Influence of tool material properties on the wear behavior of cemented carbide tools with rounded cutting edges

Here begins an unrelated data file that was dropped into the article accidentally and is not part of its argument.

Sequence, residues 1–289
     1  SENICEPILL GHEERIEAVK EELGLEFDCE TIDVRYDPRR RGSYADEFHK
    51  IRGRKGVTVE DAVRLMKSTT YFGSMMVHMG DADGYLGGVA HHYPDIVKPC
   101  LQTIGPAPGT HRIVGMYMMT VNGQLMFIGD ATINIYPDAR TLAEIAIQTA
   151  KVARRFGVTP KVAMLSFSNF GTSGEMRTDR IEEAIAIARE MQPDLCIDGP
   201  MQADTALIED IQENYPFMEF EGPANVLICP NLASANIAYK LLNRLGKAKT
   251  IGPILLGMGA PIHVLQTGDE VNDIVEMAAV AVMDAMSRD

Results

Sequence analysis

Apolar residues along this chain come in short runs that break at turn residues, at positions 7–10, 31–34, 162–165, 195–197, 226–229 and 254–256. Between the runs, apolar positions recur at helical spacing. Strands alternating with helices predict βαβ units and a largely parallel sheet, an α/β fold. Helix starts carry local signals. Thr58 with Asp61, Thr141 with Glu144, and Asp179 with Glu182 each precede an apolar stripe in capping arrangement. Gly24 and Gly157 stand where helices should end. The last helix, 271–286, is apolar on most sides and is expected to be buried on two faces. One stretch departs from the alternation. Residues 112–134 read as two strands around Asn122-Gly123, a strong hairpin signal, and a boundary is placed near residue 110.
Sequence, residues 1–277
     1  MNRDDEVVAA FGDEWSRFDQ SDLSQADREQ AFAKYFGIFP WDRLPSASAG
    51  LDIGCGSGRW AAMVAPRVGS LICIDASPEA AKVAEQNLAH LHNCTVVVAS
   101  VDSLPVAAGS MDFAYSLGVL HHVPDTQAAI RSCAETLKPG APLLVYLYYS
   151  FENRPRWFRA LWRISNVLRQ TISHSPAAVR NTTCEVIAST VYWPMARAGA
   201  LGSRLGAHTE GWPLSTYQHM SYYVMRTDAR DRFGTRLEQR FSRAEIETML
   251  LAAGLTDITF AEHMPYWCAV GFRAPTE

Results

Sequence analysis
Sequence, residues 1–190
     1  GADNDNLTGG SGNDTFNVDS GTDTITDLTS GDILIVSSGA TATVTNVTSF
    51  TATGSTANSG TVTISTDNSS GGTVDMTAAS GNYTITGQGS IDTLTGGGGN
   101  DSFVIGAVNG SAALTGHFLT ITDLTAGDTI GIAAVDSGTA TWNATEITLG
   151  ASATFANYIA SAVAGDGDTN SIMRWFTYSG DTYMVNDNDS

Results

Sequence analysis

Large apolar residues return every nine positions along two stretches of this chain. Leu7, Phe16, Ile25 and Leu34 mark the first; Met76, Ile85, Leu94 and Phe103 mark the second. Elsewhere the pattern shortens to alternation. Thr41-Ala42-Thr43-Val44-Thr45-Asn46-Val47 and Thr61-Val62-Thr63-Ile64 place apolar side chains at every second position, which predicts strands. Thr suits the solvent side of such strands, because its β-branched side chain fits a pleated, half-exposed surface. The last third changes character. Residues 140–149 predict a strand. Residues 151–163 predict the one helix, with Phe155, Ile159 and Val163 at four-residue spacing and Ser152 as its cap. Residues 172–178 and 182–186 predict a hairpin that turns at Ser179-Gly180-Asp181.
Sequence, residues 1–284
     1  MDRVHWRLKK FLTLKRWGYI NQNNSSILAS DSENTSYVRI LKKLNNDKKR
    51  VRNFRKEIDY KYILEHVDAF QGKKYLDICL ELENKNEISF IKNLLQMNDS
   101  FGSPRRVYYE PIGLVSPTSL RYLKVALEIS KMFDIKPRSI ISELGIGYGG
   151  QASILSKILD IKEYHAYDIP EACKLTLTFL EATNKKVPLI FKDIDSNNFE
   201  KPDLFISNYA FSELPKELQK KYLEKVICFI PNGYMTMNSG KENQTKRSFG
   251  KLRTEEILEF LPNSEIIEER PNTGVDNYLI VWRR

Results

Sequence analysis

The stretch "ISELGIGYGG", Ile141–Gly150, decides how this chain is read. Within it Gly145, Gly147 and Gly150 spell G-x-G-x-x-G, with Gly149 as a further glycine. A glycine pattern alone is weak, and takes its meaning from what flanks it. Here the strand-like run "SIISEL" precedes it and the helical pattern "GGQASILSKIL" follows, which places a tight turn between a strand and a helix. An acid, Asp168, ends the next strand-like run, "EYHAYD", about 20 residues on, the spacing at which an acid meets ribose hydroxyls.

Tool wear and life of cutting tools are significant evaluation criteria of machining processes. However, the occurring wear mechanisms are influenced by a number of factors such as the process parameters, tool geometry and the material properties of the tool and workpiece. Previous research has shown a high potential for the use of adapted cutting edge microgeometries on cemented carbide cutting tools. The optimal cutting edge rounding is strongly dependent on the tool material properties. However, the influence and relation between the properties of the cemented carbide tool, the microgeometry and the resulting tool wear are not yet completely understood. In this study the tool wear is investigated by systematically varying the mechanical and thermophysical properties of the tool material, the tool microgeometry and cutting process parameters. Significant influencing variables of tool wear are identified and existing relationships quantified. Results show that the occurring wear mechanisms depend on the cutting edge microgeometry as well as the mechanical properties of the cemented carbide. During continuous machining the minimum required cutting edge rounding is a function of the cemented carbide's fracture toughness. This knowledge allows an adaption of the cutting edge microgeometry depending on the substrate properties to reduce the tool wear and achieve a longer tool life.